Tea with the Black Dragon by R. A. MacAvoy
Published 1983, Bantam Books
Martha Macnamara comes to San Francisco to see her daughter, a genius computer programmer, only to discover she’s missing. At the hotel Martha meets Mayland Long, an ancient black dragon taking the form of a human in order to seek enlightenment. Mayland is enchanted by Martha and agrees to help her find her daughter, Elizabeth.
This is, on the whole, a charming book. The first half somewhat more so than the second half. The set up, Martha and Mayland’s developing relationship, is delightfully engaging. Once the chase for Elizabeth starts, however, the tone of the book shifts. After a few clues are followed, and it starts to become clear what the mystery is, Martha is relegated to damsel in distress. Her ending seems unworthy of her character and is a sour note in an otherwise sweet tale. I especially enjoyed the descriptions of how Mayland responds to sunlight.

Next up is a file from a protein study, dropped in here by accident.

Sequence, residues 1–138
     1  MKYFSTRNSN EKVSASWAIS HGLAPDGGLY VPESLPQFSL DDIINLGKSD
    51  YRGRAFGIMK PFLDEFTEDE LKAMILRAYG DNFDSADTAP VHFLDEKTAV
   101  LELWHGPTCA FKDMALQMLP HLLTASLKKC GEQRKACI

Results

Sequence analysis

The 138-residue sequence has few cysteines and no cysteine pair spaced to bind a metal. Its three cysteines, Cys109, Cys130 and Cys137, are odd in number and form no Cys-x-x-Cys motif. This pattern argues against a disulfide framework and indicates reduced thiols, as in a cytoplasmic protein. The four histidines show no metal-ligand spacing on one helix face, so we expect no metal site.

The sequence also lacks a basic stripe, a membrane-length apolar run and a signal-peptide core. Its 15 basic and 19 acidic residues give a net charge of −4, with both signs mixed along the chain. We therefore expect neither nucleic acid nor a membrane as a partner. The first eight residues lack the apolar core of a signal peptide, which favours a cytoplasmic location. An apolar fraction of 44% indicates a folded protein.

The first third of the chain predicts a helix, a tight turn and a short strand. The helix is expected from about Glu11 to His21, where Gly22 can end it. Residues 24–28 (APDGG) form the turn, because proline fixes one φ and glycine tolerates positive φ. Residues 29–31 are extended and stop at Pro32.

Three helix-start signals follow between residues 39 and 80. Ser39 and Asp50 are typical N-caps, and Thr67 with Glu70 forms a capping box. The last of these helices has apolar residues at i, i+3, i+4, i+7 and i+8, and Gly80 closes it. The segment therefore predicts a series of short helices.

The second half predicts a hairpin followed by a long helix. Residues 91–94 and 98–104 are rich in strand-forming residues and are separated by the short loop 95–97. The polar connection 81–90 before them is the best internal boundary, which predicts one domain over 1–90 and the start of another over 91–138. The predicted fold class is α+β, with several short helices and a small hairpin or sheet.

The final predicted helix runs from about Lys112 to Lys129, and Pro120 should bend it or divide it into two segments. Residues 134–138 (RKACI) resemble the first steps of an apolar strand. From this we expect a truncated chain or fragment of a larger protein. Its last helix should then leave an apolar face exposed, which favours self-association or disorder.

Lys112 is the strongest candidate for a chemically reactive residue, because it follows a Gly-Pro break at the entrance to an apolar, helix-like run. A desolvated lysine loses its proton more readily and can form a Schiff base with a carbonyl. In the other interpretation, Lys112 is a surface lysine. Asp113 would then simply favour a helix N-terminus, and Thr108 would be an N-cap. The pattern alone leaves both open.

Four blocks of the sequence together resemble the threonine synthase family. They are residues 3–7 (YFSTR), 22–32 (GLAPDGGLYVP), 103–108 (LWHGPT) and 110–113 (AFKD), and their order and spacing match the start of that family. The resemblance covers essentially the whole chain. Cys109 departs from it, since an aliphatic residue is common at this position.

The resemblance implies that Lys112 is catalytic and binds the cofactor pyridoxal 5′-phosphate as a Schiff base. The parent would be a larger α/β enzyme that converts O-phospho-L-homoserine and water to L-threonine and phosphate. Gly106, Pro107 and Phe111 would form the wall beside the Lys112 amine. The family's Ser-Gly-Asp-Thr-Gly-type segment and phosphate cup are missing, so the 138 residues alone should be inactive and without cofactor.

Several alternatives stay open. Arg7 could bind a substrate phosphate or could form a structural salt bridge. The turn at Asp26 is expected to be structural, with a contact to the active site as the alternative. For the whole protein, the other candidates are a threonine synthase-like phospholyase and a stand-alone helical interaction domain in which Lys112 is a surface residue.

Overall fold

This is one of the books given to me by my emigrating friend and I picked it out of a stack because of the cover. I like the picture of the dragon statue. Surprisingly, it matches the description inside the book. Tea with the Black Dragon is interesting and unusual and worth a read.